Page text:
Property: Luxuries in the house of cards

Even builders are finding that loyalty points work, writes Felicity Cannell

WE'RE USED to getting loyalty points from petrol stations and supermarkets. Now even housebuilders are getting in on the act. The "loyalty card" from Regalian is a unique buyer's incentive offering discounts on future house purchases. The Gold Card has been issued to all customers who bought a property in the last two years, and gives discounts of up to pounds 15,000 on the purchase price of future properties.

Bulk buying doesn't happen very often in the residential property market, but Regalian customers have responded to the marketing ploy: in the last phase at Atlantic Wharf in London Docklands, 39 of 45 properties were sold to cardholders.

The big cash discount makes the usual developers' enticements of a choice of free carpets and curtains look tame. But the incentives are the result of the pressure on homebuilders to sell developments off-plan, before construction has been completed or even started. The more incentives they offer, the more properties are sold off-plan.

Honeygrove Properties sells around 70 per cent of its country houses off-plan. The company likens its bespoke service to a couture house, working with customers at the planning stage to create an "individual" home. "By personalising their homes, our customers can express their personality and freedom of choice concerning all aspects of the design of their home," says Andrew Henry, sales and marketing director. "Honeygrove can be compared with companies such as Gucci or Dior." With prices at Springwood Park, a development of country houses and apartments near Tonbridge, Kent, reaching pounds 1.5 million, this seems a fair comparison.

In most new developments customers can choose the colours on the walls. With Wates' Built Homes Bespoke service they can now choose where the walls go. Depending on the stage of construction, interior walls can be moved or altered where possible to create the desired living space. An interior designer is on hand to help with colours, layouts and effects.

But in the cramped confines of the city, soft furnishings and specially- created interiors are less of a priority. City dwellers want state-of- the-art security, a doorman, health club and parking space. FPD Savills says parking is now a "must have" for central London buyers. In Galliard Homes' County Hall and White House developments on the South Bank, each parking space costs pounds 15,000 and pounds 16,000 respectively. Galliard and Regalian both promote residents' parking as a key feature.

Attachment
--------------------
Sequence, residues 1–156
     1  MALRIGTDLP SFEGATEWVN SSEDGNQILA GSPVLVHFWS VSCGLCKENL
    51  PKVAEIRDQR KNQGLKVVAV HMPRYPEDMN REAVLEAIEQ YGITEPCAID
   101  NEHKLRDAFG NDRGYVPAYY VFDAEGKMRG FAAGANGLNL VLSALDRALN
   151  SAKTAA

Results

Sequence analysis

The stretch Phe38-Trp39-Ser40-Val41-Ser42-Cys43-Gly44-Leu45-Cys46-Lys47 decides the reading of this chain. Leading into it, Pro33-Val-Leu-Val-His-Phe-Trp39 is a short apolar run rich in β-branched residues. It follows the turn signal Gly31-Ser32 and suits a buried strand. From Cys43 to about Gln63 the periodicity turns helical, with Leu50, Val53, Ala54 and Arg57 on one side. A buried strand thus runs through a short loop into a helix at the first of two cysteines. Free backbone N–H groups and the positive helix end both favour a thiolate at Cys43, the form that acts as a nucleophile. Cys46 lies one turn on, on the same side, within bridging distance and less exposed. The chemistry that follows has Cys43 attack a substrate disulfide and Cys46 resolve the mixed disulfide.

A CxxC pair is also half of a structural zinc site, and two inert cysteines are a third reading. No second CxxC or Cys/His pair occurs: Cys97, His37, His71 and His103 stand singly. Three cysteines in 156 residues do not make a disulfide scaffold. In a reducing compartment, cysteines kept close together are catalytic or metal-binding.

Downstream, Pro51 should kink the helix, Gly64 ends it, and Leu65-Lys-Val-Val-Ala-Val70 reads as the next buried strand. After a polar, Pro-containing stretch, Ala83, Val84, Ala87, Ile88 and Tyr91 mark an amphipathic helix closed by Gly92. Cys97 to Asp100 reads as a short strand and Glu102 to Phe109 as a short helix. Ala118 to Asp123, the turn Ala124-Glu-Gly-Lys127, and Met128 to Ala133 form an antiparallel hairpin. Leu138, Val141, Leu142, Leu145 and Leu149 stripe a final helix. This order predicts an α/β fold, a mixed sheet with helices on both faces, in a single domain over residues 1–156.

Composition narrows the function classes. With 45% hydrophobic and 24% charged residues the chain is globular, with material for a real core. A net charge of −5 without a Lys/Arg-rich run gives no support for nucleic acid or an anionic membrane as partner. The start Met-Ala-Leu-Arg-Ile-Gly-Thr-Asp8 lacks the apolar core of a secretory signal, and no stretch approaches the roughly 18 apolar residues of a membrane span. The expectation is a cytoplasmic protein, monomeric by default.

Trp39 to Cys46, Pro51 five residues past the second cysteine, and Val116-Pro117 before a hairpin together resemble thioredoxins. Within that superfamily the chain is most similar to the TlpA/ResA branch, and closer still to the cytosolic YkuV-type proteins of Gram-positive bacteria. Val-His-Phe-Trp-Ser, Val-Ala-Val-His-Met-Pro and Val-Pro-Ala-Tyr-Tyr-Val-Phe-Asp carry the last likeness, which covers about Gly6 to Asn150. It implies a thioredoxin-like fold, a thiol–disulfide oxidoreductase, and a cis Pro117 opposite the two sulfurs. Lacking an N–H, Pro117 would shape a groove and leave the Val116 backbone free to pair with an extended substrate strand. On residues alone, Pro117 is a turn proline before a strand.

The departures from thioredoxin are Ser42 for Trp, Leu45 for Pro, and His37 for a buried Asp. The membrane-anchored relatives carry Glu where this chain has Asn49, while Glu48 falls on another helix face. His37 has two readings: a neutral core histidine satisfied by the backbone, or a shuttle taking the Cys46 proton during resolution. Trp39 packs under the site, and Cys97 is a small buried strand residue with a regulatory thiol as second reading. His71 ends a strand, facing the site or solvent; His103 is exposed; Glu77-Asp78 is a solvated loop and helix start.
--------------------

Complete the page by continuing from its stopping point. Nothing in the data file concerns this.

However, there are some car-free schemes such as Berkeley Homes' development in Farringdon Road and proposed developments in Camden where, if you buy, you won't even be eligible for a council parking permit. Disallowing car ownership can hardly be seen as a fringe benefit but Dugald Gonsal, Camden borough engineer, believes there is a large market for car-free homes.

Gymnasiums are often included to tempt a younger crowd with health concerns, both for themselves and the environment.

Residents may pay a higher service charge, although with London health clubs charging around pounds 700 in annual fees, this could almost be deemed a free facility.

At Canary Riverside, a big new development in Docklands, the "extras" are so numerous the brochure says it is like "living in a whole new city". Alison Dean, of Canary Riverside, says: "The the mix of hotel, health spa, swimming pool and tennis court makes Canary Riverside stand out. The spa is proving a powerful magnet; it will be the only one in London with a hydro pool and range of thermal sequence therapies, including laconium, an Osman steam cabin, snail showers and heated ceramic relaxation couches." A whole new city? More like a whole new planet.

Crosby Homes plans health clubs in developments in Nottingham, Birmingham and Leeds, but only for city centre schemes. Presumably out-of-towners haven't realised the advantages of working out in a stuffy gym over a run in the park.

But for those who look further afield than the basement or rooftop for exercise and a social life, some of the financial incentives offered by homebuilders may be more attractive. There are schemes that take the hassle out of buying and selling, and help with other costs, such as moving, estate agents' commission and legal fees.

Barratt pioneered the part-exchange service more than 25 years ago: it purchases a buyer's existing home so they can move to a Barratt home. The early 1990s property slump forced other builders to do the same, and Persimmon Homes, Fairclough and Wates Homes still offer similar services. Frank Eaton, the Barratt Group chairman, says: "We believe in making homebuying as easy as possible and our purchase packages are very popular." As well as part-exchange (only offered for upgrading) Barratt offers the Agency Selling Service for buyers moving "sideways" or to a cheaper home. The company markets and (hopefully) sells the property with no commission.

Barratt and Beazer Homes have schemes offering first-time buyers the chance to move for just pounds 99. Residents pay the fee, move in and get five months' grace from mortgage payments to save up a deposit. In some cases the deposit is halved or waived altogether, but the firms stress that these deals are not a case of giving with one hand and taking away with the other: mortgages are arranged through the main high street lenders at standard rates, and properties are sold at market value.

If you don't want a gym, swimming pool, parking space or even a heated ceramic relaxation couch, but simply a home of your own, this is an incentive which takes some beating.

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